Urban Legends In War
January 21, 2009 7:16 AM   Subscribe

Now that the fighting in Gaza is over for the time being, it's time for urban legends to arise out of the morass. One story now making the rounds on the Israeli side involves soldiers claiming the Biblical matriarch Rachel warned them of Hamas ambushes and guided them away from booby-trapped homes. Strangely, Rachel supposedly appeared as an Arabic-speaking older woman. Meanwhile, American soldiers during the second Iraq war spawned their own urban legends. But these stories are just the latest entries in a long tradition.

The Angels of Mons
The Ghost Pilot
Pippo
The Amputee's Letter
The American Soldiers' Ghosts
The Homing Pigeon Kidnap Plot
posted by huskerdont (27 comments total) 11 users marked this as a favorite

 
Jenin also spawned an urban legend or two.
posted by gman at 8:06 AM on January 21, 2009


I couldn't read the story about homing pigeons carrying ransom money without that one scene from The Holy Grail playing in my head.
posted by Marisa Stole the Precious Thing at 8:07 AM on January 21, 2009


Strangely, Rachel supposedly appeared as an Arabic-speaking older woman.

Things are never what they seem. Jesus made me toast this morning, though he was disguised as my toaster. There were no images burned into the bread but let me tell you it was sacralicious.
posted by fleetmouse at 8:09 AM on January 21, 2009 [7 favorites]


I'm still worried about camel spiders - those bastards can outrun guys and pierce through tank hulls!
posted by filthy light thief at 8:44 AM on January 21, 2009


"Corn" Sherrill!
posted by mwhybark at 8:46 AM on January 21, 2009


Rachel also lures soldiers into booby-trapped homes, but for some reason those stories don't get told.
posted by weapons-grade pandemonium at 8:53 AM on January 21, 2009


That's nothing, Jesus built my hotrod.
posted by isopraxis at 9:20 AM on January 21, 2009


It all just goes to show that the gaseous invertebrate superhero who lives in outer space is, in fact, on our side.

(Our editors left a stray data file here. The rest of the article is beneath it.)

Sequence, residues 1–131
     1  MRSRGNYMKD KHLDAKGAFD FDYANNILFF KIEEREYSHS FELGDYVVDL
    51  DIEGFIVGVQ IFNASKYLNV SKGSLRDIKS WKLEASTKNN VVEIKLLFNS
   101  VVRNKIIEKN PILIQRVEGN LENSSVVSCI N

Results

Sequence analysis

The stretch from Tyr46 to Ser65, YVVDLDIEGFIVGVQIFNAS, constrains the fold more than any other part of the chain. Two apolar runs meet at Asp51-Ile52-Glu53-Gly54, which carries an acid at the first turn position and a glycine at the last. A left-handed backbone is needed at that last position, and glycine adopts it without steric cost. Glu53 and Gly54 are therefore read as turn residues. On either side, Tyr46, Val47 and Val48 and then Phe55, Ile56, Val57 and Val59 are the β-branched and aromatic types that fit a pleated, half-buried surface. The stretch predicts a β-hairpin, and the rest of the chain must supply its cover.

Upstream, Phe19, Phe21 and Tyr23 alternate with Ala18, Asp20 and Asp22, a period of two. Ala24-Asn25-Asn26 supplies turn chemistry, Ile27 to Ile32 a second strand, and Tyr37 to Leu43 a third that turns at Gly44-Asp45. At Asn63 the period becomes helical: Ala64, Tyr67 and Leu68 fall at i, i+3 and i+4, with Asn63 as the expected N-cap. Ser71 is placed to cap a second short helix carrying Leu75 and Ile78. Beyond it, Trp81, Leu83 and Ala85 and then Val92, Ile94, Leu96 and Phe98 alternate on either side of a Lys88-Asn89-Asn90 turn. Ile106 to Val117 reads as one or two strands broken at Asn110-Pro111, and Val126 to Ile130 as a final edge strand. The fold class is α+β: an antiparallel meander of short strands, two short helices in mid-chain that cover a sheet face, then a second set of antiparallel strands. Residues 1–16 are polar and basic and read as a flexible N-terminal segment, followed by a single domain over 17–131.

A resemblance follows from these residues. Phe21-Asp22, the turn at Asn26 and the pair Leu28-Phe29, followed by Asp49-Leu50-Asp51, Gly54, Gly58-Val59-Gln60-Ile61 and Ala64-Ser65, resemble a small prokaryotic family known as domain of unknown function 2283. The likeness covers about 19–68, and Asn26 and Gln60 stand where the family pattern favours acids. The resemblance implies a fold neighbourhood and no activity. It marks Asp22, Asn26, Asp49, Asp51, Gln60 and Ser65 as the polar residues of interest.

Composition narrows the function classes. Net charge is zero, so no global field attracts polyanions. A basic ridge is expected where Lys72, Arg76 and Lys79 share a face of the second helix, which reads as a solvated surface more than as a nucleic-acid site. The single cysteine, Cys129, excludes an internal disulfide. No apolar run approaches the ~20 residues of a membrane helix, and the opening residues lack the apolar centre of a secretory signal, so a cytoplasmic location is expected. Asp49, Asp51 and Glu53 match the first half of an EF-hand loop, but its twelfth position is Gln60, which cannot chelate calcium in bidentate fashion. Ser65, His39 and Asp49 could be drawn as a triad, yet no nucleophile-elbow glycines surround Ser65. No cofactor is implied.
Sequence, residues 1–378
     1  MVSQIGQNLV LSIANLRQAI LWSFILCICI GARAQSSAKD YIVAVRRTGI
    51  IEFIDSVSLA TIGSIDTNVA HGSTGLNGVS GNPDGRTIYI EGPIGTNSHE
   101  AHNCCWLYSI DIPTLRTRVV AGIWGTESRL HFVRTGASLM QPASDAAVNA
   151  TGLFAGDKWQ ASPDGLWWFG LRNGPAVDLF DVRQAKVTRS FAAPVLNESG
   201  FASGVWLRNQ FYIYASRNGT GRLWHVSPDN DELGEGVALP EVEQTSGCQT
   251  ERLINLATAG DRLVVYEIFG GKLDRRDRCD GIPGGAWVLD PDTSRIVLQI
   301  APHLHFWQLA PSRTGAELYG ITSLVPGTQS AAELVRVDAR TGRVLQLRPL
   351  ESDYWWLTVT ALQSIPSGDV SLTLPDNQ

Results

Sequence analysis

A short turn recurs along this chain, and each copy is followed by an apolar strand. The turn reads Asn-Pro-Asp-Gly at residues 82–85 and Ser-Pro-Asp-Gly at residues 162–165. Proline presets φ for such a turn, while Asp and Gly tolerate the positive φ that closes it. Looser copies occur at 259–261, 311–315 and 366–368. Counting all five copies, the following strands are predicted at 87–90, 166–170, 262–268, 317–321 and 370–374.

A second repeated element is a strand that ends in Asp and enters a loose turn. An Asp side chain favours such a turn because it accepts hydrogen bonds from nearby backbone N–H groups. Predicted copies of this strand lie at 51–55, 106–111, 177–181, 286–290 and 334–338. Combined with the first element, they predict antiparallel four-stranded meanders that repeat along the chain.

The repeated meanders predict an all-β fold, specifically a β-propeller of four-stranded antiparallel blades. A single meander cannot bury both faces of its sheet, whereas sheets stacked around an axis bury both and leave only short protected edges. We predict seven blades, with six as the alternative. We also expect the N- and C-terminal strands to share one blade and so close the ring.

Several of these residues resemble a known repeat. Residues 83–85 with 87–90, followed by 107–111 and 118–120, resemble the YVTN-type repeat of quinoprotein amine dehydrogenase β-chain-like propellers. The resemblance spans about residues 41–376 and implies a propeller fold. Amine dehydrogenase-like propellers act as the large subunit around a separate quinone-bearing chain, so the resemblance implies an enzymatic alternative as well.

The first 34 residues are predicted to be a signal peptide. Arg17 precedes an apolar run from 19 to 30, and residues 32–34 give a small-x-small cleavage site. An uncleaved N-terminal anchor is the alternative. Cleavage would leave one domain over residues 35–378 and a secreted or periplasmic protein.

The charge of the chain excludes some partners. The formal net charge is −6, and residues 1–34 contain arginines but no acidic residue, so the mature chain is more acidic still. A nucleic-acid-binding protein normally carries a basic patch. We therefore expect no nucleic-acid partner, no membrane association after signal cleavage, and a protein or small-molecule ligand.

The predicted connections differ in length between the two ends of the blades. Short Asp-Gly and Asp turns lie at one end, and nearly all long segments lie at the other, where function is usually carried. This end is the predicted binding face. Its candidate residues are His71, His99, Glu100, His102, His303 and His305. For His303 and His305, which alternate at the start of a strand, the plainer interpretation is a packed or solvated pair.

posted by Forrest Greene at 9:32 AM on January 21, 2009


Did the 'biblical matriarch Rachel' help them aim the tanks at the food warehouses or point the bomb sights at the schools or guide the hands of the politicians who have now banned 'Arab political parties' from the upcoming 'democratic elections? Come on, Huskerdont, this is unworthy tripe to put in front of us after what we've just watched these monsters at work.
posted by jackbrown at 9:46 AM on January 21, 2009


jackbrown, I wouldn't be so hasty to make assumptions about huskerdont's perspective on the matter. He is presenting it in the context of urban legends, after all. And he faved my comment about sacralicious Jesus toast.
posted by fleetmouse at 9:55 AM on January 21, 2009 [1 favorite]


Yeah, I think I can be interested in urban legends that arise in battle without endorsing the actions that provide the context. This isn't a pro-Israel GYOB kind of post. I think this kind of modern folklore is fascinating. Thanks, huskerdont.
posted by Pater Aletheias at 10:01 AM on January 21, 2009


Did the 'biblical matriarch Rachel' help them aim the tanks at the food warehouses or point the bomb sights at the schools or guide the hands of the politicians who have now banned 'Arab political parties' from the upcoming 'democratic elections?

Um, have you read the Old Testament? That's exactly the kind of thing a Biblical matriach would help the Jews do.
posted by nasreddin at 10:02 AM on January 21, 2009 [4 favorites]


OP here. Like Pater Alethias said, this is all about the urban legends that arise in wartime. This post isn't for or against Israel, I just think the stories soldiers take home with them from wartime are damn interesting. And, yes, Jesus toast is indeed sacralicious.

Also, for anyone interested in Palestian urban legends/modern folklore, I heartily recommend this book in English (or the Arabic translation as the case may be).
posted by huskerdont at 10:17 AM on January 21, 2009


See, you could've told us about that book without the commentary laden links.
posted by gman at 10:22 AM on January 21, 2009


Jesus made me toast this morning, though he was disguised as my toaster. There were no images burned into the bread but let me tell you it was sacralicious.